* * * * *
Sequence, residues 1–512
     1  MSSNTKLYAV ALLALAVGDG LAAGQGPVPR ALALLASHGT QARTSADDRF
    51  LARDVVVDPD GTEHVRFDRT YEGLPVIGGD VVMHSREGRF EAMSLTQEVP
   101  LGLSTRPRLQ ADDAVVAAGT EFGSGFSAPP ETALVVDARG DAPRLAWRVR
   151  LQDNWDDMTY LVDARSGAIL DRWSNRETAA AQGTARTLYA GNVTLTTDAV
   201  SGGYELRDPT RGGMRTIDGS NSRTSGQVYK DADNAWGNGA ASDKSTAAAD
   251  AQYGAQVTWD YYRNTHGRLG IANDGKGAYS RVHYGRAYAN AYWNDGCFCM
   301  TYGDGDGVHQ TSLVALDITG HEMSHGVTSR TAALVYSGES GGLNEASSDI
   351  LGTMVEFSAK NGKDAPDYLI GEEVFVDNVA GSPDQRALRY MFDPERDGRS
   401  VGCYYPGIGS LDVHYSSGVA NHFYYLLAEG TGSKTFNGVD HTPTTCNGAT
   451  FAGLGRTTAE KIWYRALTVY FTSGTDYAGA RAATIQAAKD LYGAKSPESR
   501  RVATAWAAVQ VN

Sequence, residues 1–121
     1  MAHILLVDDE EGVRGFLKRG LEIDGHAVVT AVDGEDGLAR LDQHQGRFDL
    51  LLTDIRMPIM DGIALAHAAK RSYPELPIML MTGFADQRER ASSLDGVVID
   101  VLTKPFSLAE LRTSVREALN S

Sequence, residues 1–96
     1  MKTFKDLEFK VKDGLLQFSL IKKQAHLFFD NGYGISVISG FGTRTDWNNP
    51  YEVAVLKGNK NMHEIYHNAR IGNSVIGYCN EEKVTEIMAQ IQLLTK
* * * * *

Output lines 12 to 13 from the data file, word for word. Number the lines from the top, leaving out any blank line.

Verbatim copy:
   501  RVATAWAAVQ VN

Sequence, residues 1–121